but at the time there was insufficient the case was re-examined using a new collection and storage of DNA profiles
DNA to be useful. technique of familial testing. This from imprisoned offenders.
involves looking for people who may be
Twelve years later, ESR scientists The Act permits comparison of these
closely related to the offender.
analysed the biological samples using DNA profiles to DNA profiles obtained
new DNA technology. It indicated that Police obtained DNA samples from two from crime scene samples stored on the
the attacker was responsible for another family members. A profile was generated New Zealand Crime Sample Database.
unsolved Christchurch rape, that of a which matched crime scene profiles
This operation identified 87 links to
90-year-old in April 1996. from the two rapes and in 2009 Wayne
crimes. Of these links, 65% were ‘cold
Robert Jarden pleaded guilty to both
Despite this, a suspect was not links’, meaning a previously unreported
identified, as the DNA profiles suspect was linked to a crime through
Janelle Patton case DNA.
ESR’s LCN DNA laboratory and
Recent DNA forensic stories - every contact leaves a trace operation oakley
expertise in trace DNA analysis were
used for a high-profile Norfolk Island The case started with the discovery
of the hair as belonging to 23-year-old homicide case. of semen on doorknobs and car door
Whetu Te Hiko. handles at an address in Mt Albert over
Australian Federal Police sought ESR’s
several months. Samples submitted to
In addition, shoeprints invisible to the expertise in the case of 29-year-old
the Crime Sample database showed
naked eye were discovered at the scene Sydney woman Janelle Patton, murdered
that these cases were linked to the
of the crime, leading from the classroom on Norfolk Island on Easter Sunday
to a bathroom. ESR scientists lifted 2002, the first homicide on the island
the prints using an electrostatic dust- for 150 years. Using a covert
lifting kit. surveillance camera,
ESR scientists were able to obtain
the Police arrested a
The soles of the shoes were identified a DNA profile corresponding to
male suspect, who
Lois Dear case as a brand sold at The Warehouse in the murder victim from a sample
consented to providing
Tokoroa. Police discovered only three extract from the boot of the accused’s
In July 2006, the body of 66-year-old a DNA sample. The suspect’s profile
pairs had been sold, only one in the size car, supporting the prosecution case that
teacher Lois Dear was discovered in matched that of the samples from the
that Te Hiko wore. Police then trolled 28-year-old New Zealand chef Glenn
her Tokoroa classroom at Strathmore crime scene, and he received a six-
through store security tapes for that Peter McNeill had killed Miss Patton,
Primary school. There were no month suspended sentence.
particular occasion and found video of then moved her body by car to another
fingerprints, nor any blood found at the
Te Hiko purchasing those shoes. location. . . . but the story doesn’t end there.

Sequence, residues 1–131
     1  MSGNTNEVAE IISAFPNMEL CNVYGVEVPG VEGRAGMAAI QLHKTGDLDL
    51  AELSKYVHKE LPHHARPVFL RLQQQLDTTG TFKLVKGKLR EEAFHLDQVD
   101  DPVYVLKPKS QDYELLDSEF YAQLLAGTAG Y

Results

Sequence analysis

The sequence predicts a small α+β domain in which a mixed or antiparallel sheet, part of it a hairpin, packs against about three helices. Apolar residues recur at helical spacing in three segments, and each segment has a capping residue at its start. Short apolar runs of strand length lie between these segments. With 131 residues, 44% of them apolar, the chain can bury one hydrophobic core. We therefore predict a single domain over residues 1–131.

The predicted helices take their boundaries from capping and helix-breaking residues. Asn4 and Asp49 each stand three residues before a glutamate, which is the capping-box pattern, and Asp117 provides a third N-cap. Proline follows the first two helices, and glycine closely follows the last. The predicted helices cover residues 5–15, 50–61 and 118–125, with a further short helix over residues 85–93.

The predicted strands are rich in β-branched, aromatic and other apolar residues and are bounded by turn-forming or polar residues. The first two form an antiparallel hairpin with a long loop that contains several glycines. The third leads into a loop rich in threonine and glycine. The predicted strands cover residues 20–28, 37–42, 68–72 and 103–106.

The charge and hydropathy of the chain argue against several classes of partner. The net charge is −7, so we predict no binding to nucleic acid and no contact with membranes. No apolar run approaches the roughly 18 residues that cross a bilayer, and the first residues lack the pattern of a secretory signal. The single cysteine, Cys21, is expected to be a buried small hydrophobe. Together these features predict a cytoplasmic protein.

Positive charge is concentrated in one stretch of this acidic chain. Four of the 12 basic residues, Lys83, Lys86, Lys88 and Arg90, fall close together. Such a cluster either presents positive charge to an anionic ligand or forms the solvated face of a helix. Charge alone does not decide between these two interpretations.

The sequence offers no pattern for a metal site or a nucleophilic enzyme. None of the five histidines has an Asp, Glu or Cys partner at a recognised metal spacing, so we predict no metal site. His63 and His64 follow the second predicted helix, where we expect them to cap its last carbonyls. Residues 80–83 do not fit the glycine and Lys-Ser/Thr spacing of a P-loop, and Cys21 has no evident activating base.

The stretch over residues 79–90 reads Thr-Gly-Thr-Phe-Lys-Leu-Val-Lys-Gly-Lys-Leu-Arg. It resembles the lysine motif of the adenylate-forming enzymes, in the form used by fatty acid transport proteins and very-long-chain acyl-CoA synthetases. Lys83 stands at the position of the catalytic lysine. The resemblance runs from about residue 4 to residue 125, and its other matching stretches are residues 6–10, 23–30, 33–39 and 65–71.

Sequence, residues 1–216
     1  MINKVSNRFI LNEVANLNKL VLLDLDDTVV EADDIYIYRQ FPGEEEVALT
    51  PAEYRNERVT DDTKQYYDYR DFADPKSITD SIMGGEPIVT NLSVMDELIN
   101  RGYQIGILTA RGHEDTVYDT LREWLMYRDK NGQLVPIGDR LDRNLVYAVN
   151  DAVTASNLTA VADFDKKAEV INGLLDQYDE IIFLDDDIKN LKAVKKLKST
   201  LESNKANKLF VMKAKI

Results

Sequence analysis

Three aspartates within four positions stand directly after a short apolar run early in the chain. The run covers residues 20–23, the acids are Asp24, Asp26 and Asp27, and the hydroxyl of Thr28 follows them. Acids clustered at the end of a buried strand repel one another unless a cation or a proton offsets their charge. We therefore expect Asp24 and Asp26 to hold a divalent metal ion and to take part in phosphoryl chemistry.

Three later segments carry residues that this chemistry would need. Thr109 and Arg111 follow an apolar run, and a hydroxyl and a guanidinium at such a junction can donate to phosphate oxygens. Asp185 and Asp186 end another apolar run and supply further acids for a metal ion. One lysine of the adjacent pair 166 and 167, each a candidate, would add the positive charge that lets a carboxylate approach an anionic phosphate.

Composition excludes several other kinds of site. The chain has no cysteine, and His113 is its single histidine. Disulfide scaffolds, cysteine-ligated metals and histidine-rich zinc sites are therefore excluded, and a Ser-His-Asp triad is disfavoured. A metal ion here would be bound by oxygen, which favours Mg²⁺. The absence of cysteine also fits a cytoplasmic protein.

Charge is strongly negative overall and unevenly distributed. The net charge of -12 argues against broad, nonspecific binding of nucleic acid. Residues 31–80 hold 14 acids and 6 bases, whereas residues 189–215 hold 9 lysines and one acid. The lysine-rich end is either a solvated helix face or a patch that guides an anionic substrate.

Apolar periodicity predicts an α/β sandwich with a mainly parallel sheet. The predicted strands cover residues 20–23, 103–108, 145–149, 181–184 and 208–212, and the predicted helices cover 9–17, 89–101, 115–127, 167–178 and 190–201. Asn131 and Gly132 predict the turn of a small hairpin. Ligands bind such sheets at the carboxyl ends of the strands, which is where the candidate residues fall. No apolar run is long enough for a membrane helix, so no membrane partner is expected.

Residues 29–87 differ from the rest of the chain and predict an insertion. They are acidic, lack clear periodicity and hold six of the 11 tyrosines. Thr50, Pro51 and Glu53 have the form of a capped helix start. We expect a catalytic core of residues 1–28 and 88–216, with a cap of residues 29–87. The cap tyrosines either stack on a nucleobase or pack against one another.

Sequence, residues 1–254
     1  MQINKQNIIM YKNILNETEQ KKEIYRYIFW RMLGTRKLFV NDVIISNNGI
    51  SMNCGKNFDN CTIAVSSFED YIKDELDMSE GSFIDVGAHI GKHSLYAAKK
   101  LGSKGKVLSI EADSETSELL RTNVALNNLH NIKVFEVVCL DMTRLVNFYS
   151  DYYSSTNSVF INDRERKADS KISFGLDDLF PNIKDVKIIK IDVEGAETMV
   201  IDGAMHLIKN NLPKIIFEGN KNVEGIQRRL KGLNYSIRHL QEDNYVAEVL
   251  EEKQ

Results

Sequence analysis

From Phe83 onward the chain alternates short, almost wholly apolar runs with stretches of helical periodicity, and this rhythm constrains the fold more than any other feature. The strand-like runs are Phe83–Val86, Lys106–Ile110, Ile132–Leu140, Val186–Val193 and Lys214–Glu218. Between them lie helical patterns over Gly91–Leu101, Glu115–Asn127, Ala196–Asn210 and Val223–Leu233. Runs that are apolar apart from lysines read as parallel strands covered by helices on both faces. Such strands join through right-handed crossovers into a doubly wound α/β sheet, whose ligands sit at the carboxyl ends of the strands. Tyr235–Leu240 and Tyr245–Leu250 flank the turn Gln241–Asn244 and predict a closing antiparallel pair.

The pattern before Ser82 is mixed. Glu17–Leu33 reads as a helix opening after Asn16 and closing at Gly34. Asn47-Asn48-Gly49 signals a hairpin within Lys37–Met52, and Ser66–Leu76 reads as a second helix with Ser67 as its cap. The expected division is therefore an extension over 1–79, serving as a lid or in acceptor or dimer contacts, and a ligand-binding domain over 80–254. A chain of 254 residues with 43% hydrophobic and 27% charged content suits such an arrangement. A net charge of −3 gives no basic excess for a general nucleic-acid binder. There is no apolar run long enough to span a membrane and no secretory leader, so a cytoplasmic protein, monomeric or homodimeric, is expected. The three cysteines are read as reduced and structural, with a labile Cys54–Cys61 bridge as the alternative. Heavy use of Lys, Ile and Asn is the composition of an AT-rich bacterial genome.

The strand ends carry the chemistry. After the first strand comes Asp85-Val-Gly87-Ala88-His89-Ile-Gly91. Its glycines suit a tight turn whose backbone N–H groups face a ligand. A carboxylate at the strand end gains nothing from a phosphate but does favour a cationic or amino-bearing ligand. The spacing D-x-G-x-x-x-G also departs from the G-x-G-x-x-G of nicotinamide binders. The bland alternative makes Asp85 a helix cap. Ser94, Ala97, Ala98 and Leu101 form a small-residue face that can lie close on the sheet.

scene; however, there was a hair and a
shoeprint. Ten years earlier it wouldn’t Te Hiko pleaded guilty to the murder He was found guilty of murder in Later, a series of serious sexual assaults
have been possible to collect DNA from and in May 2007 was sentenced to life March 2007, and sentenced to 24 years on young females began. Samples from
a single strand of hair. However, new imprisonment with a minimum of in jail with a minimum non-parole the scenes linked the assaults not only
technologies led to the identification 18 years non-parole. period of 18 years. to each other, but also to the earlier
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indecencies in Mt Albert. The offender Low Copy Number DNA profile
pleaded guilty and is serving 18 years Other uses for forensic DNA
links rape and murder
ESR scientists were able to generate a Distribution of blood
DNA profile using low copy number
Attempted child abduction DNA profiling is also highly useful for
technology. A DNA profile was
resolving the distribution of blood at a
Two attempts were made to abduct generated from the rope used to strangle
crime scene and for investigating crimes
young girls off an Auckland street. The a Dunedin student in a rape.
where more than one person has been
first girl got away with a ripped jacket, The profile linked to Liam Reid, who killed or injured.
but a second was forced into a car. She was also identified through standard
managed to escape from a rear door By identifying the likely source of
DNA testing as the likely perpetrator in
of the moving car, dragging an item a bloodstain at a crime scene, the
the Emma Agnew murder case.
from the car with her. Urgent forensic investigation team can determine the
examination of this item yielded a DNA The two cases were heard together in location of people during the offence
profile, which linked to a person not on a combined trial in November 2008. and track how individuals moved
the suspect list. Reid was found guilty and sentenced through the crime scene.
to a minimum non-parole term of
As a result, the police were able to make In 2007 when Graham Burton went
a speedy arrest. A full confession was on a shooting spree in hills near
obtained and the girls were spared the Wellington, Police were concerned
ordeal of facing the offender in court. that there may be more victims than
were immediately found. Urgent
DNA analysis from the multiple blood
trails came from victims that were
DNA profiling is used as a powerful and
accurate forensic tool in many different Prolonged abuse
ways by the New Zealand Police, in A case using profiling results has
more than three thousand cases per proved that physical abuse occurred at
year. Some of the less well-known uses a dwelling over a long period of time.
include: The result was achieved by positively
identifying the source of minute
Post-mortem examination bloodstains distributed throughout the
crime scene as belonging to the victims.
DNA profiling can be used in post-
mortem examination where identification
of the deceased is difficult due to
incineration, drowning, or complete or
partial decomposition. It is used in cases
where the more common methods of
A DNA profile using low copy number technology was generated from the rope used to strangle a radiography (X-rays) and odontology
Dunedin student in a rape. (forensic dentistry) are unsuitable.